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Exercise: Look it up, long-term exercise

These exercises were written by IWW members and administrators to provide structured practice opportunities for its members. You are welcome to use them for practice as well. Please mention that you found them at the Internet Writers Workshop (http://www.internetwritingwor kshop.org/).
Prepared by: Rhéal Nadeau

Posted on: Sun, 28 Oct 2001
Revised and reposted on: Sun, 17 Oct 2004

This is the long-term version of the "Look it up" exercise ( http://www.internetwritingworkshop.org/pwarchive/pw43.shtml )

One of the writing "rules" we writers run into is "Write what you know". Certainly, as a reader, there is nothing more jarring than running into a blatant piece of incorrect information in a book - it can weaken, or even totally destroy, the suspension of disbelief required by the act of reading. On the other hand, good research adds depth and detail to a story, making it more interesting and more believable.

Some writers find this rule discouraging - as if it would limit what they can write about. As a male, for example, can I never attempt to write from the point of view of a woman, though I have not experienced directly what it's like to be a woman?

I like to turn the rule around: Know what you write. And what is knowledge? It is the sum of what we have learned, in various ways: what I have experienced directly, what I have heard others tell me, what I have researched (in books or in the field).

Dick Francis gives us a good example of that. Before he started to write, he was a jockey (and a highly successful one at that.) So when he began to write, he wrote about jockeys and about the horse racing world - he wrote what he knew. But he did not stop there. As his writing career progressed, he started to write about people in different professions or walks of life: about a banker, a wine merchant, an actor, a survivalist, and so on. In each case, he did enough research (assisted, we have since learned, by his wife) to get enough knowledge: he made sure he knew what he wrote about.

(This example, by the way, demonstrates that research is just as important for fiction as for non-fiction.)

To me, experiencing something other than my day-to-day life is a major attraction of reading - and of writing.

This exercise, then, is about research - something all writers should be familiar with (but many writers, myself included, are weak on). And because research on anything of real interest can hardly be completed within the short time frame of our exercises, this will be an exercise in two parts.

Do some research on some topic applicable to a story you are working on or would like to write, or just something you feel you could learn more about. Make sure to pick a topic with which you're not already familiar. You can search the web (all writers should have a favourite search engine and experience in searching - my favourite search engine is at http://www.google.com), go to the library, consult someone more knowledgeable in that area (most people are happy to share their knowledge when asked - as long as they have the time to do so, of course.) Ideally, you should seek more than one source of information (if only to make sure the information you get is reliable - but also to give a broader base of information.)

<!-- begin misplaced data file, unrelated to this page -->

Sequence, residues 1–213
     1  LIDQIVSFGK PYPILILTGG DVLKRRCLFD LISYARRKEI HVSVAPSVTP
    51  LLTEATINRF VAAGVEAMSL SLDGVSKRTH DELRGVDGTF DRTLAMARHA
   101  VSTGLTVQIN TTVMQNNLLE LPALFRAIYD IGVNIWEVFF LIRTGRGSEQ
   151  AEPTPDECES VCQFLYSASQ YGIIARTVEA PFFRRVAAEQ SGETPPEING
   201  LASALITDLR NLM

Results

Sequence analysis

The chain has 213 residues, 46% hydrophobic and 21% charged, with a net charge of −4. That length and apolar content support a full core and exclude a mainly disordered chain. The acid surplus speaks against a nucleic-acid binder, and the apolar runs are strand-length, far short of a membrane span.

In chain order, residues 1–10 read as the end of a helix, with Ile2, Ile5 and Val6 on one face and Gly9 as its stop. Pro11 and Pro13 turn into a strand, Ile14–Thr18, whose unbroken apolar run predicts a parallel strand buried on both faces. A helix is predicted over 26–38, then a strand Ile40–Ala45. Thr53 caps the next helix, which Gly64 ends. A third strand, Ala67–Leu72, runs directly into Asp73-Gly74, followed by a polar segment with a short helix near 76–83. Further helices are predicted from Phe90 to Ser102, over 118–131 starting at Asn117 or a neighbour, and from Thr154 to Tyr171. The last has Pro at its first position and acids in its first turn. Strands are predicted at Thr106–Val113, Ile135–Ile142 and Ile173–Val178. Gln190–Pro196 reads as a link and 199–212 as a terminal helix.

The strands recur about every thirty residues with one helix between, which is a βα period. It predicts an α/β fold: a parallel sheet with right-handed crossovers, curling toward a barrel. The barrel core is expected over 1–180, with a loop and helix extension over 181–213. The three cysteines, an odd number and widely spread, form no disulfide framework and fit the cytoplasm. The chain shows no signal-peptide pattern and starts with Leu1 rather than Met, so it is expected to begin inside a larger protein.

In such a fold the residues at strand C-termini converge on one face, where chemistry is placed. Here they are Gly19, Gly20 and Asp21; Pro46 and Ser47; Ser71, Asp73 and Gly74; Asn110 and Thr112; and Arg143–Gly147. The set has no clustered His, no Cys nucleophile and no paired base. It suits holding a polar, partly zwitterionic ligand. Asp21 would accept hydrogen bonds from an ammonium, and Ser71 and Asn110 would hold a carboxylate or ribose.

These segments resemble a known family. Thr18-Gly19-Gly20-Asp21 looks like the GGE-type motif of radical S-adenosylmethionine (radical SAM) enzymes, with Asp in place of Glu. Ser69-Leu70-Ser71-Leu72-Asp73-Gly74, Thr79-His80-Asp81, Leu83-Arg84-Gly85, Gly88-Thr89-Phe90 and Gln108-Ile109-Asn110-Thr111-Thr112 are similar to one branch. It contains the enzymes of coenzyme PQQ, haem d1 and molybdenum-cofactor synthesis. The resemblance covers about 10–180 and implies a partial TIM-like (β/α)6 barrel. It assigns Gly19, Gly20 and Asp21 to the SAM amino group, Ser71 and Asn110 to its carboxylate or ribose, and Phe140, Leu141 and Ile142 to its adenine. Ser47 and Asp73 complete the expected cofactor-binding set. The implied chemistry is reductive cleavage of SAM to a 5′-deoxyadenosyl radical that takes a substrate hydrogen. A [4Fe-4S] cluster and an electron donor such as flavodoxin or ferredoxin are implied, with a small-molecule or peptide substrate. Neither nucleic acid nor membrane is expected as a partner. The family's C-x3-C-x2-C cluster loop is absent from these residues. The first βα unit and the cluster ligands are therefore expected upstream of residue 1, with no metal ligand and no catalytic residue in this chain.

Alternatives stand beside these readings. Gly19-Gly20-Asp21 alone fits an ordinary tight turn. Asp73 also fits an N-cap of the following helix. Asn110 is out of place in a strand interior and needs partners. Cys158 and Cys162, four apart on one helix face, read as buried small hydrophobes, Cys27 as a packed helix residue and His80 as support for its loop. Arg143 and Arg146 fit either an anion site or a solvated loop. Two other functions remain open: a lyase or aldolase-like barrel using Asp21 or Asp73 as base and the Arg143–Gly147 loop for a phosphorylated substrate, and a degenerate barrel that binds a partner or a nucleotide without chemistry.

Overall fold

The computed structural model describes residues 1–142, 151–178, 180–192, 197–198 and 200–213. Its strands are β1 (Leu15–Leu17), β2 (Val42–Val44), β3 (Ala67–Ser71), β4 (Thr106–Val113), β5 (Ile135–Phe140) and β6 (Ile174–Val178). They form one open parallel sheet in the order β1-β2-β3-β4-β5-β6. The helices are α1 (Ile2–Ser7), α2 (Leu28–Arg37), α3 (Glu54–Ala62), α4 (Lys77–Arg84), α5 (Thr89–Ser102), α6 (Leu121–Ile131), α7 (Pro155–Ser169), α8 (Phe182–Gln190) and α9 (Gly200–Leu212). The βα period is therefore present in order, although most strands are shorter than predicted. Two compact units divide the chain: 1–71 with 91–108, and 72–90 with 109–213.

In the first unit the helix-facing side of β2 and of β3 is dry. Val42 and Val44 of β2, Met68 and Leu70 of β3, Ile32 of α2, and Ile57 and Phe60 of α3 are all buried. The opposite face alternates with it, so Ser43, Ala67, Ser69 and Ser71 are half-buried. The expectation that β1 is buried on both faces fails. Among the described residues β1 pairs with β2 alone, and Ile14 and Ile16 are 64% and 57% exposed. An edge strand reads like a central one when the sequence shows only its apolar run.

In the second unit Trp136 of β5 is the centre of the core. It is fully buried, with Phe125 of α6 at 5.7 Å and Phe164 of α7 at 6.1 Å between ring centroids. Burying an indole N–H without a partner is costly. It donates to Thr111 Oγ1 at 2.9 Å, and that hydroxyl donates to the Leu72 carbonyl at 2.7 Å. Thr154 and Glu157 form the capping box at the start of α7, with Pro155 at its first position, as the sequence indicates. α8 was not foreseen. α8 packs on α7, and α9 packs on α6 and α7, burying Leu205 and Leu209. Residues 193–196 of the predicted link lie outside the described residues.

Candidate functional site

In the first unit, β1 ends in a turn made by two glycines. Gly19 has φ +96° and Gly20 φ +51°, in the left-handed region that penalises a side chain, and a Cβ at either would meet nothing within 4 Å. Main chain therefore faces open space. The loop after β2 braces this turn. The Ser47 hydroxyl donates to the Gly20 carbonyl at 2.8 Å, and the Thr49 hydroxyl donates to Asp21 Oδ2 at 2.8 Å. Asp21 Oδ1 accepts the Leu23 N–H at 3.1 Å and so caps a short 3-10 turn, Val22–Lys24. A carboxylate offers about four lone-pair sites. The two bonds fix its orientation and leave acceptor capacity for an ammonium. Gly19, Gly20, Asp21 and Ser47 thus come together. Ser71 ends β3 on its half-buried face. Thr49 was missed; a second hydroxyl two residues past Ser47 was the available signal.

Remember that good research is creative. Think about who might have knowledge to share, and how you might ask them to do so. Think of potential learning experiences - if your interest is in a building trade, for example, your local harware store might have free demonstrations, or be able to point you to some.

Don't let this take over your life, but look for more information (maybe reading a book or two on the topic, for example), and in particular, for more direct experience. For example, if my topic was caves, I might make arrangements to visit a nearby cave to see what it's really like - something I can't really learn from books, or even from talking to experts.

(Be careful, of course - don't blindly rush into caverns without assistance; don't try to interview drug users unless you can find a safe way to do so, and so on. Some topics can only be *really* experienced with significant personal risk - in those cases, it's best to rely on second-hand sources of information.)

At any time until the exercise is terminated, you can post your methods and results (no more than 1500 words - we don't need to know everything you've learned, just the broad outlines of what you did and found out.)

Clearly label your submission as: Sub: Long-term research (Your Name)

Critiques should be labelled: Crit: Long-term research (Author's Name)

Would you like to discuss the long-term research exercise? Use the subject header: DISC: Long-term research

(After the exercise is terminated, you can still post an offer, briefly describing what you're offering and labelling it as:

Offer: Long-term research (Your Name)

You can then send the text, and receive critiques, privately.)

Have fun!

Rhéal Nadeau

Web site created by Rhéal Nadeau and the administrators of the Internet Writing Workshop.
Modified by Gayle Surrette.